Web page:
The first reason is related to the growing public interest in complementary and alternative medicine (CAM). According to data reported in 2007 by the National Institutes of Health's National Center for Complementary and Alternative Medicine (NCCAM),4 approximately 38% of adults in the United States used some form of CAM that year, compared with 36% in 2002. Approximately 12% of children used some form of CAM in 2007.4 
According to the National Center for Health Statistics' 2007 National Health Interview Survey,5 Americans spent $33.9 billion out-of-pocket on CAM during the previous 12 months. The results of that study5 also showed that Americans in 2007 spent approximately $11.9 billion on an estimated 354.2 million visits to CAM practitioners (including, according to the study, acupuncturists, chiropractors, massage therapists, osteopathic physicians, and traditional healers). 
Most allopathic medical schools in the United States have responded to this public interest by offering some forms of elective instructions in CAM.6,7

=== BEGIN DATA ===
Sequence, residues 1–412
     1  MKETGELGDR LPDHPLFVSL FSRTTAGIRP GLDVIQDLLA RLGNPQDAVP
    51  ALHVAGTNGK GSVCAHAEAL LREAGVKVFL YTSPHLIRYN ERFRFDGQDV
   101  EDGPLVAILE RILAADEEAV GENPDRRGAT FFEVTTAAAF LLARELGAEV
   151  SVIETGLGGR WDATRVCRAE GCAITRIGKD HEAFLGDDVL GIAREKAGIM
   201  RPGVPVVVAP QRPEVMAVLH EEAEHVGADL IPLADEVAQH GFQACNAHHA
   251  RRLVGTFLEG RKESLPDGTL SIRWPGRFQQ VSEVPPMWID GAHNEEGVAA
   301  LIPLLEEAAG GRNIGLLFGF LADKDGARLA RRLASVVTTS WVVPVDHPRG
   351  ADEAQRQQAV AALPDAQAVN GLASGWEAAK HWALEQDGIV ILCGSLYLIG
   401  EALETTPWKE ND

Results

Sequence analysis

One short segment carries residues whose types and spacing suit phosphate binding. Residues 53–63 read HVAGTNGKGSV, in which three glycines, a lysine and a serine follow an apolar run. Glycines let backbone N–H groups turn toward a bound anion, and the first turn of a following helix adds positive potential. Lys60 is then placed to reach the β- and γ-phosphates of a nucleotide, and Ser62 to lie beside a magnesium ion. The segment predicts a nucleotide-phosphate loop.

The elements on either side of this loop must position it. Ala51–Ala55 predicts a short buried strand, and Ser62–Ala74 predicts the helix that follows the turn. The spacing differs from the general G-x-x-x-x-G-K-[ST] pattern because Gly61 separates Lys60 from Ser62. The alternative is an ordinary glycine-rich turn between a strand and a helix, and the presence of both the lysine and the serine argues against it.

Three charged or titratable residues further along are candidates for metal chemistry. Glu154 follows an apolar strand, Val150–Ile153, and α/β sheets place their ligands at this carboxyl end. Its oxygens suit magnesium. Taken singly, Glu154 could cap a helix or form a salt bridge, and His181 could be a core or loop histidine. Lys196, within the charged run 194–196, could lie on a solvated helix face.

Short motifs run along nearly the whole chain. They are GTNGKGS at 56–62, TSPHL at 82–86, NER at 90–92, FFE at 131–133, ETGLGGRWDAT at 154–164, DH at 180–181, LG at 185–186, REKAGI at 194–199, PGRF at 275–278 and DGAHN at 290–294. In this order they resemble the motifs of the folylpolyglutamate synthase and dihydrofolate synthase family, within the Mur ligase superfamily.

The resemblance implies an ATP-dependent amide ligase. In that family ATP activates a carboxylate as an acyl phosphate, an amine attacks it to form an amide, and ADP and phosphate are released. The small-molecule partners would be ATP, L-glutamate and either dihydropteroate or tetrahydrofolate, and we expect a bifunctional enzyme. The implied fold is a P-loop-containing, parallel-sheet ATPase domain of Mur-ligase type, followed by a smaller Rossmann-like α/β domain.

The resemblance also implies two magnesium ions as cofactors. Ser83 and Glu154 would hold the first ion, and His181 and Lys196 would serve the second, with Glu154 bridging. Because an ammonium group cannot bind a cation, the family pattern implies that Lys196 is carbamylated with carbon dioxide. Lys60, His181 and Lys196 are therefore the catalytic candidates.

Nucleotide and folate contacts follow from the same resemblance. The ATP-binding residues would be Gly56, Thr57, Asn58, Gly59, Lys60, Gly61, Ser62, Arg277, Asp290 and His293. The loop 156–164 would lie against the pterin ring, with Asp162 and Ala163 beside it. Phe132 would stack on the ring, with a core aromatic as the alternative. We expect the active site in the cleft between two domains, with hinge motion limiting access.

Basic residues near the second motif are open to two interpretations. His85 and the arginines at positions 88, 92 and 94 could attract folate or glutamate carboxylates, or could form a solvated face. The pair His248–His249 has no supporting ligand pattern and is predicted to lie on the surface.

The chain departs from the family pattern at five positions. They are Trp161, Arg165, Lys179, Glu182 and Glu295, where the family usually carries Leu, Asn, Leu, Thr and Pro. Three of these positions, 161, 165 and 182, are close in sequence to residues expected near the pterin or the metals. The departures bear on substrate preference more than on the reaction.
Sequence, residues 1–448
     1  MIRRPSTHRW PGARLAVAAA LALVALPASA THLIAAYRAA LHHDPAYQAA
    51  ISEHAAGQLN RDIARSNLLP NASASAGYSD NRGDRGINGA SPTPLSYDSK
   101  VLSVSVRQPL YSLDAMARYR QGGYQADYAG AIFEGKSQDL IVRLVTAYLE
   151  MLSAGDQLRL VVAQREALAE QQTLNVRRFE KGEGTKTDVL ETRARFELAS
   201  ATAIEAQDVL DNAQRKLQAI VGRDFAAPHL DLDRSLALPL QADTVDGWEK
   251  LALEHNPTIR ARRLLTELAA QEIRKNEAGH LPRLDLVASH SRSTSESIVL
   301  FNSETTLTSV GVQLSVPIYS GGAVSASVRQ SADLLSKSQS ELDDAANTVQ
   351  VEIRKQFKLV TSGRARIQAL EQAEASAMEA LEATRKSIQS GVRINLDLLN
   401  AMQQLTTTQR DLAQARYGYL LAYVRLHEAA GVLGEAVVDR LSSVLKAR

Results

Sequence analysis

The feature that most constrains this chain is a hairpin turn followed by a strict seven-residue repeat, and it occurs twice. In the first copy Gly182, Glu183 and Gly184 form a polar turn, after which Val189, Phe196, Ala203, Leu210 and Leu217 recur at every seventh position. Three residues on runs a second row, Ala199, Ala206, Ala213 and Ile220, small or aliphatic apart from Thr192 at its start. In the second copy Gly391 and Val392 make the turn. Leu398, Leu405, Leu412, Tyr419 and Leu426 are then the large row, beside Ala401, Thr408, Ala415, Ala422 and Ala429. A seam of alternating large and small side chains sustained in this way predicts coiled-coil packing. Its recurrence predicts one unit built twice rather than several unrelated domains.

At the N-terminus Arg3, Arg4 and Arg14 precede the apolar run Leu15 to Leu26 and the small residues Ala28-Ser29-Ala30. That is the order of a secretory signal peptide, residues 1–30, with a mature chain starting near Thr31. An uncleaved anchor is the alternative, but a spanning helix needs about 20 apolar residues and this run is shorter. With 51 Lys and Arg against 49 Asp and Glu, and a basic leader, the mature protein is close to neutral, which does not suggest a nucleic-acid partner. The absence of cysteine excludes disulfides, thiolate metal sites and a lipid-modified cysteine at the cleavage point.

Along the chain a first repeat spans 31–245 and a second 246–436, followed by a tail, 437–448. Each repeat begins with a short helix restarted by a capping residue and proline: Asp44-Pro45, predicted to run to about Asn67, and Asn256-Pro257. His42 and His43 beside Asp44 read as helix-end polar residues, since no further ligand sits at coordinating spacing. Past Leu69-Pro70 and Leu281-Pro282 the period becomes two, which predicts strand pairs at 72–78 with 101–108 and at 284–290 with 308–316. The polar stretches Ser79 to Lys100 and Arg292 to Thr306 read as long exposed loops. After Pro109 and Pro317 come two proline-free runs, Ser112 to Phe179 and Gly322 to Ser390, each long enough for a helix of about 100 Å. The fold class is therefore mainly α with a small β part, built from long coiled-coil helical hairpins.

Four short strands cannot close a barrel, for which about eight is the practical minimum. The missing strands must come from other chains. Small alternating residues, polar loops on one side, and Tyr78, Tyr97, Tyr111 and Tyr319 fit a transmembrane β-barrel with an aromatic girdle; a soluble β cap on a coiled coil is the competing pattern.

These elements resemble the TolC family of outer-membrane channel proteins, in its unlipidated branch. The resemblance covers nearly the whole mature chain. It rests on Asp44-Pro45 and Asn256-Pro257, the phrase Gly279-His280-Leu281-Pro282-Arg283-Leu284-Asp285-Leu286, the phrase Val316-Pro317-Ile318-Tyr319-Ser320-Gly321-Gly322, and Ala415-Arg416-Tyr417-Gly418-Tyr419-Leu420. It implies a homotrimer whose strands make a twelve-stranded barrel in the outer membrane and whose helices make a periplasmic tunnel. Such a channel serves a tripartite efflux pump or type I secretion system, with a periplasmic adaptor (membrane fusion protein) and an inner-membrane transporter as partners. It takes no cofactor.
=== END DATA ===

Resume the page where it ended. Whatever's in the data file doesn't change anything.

Also in response to the public interest in holistic and preventive healthcare approaches, the NCCAM awarded 15 grants to academic institutions for the development of integrative medicine centers and programs from 2000 to 2008.6 In 2003, the Steering Committee of the Consortium of Academic Health Centers for Integrative Medicine—consisting of 23 prestigious academic health centers—endorsed a proposal of adding core competencies in integrative medicine to the undergraduate medical curriculum.8 The proposal was advanced in hope of instilling graduating physicians with the values, knowledge, attitudes, and skills needed to improve physician-patient communication.8 
Furthermore, both the efficacy and safety of CAM are likely to be enhanced if physicians become more versed in integrative and alternative medicine.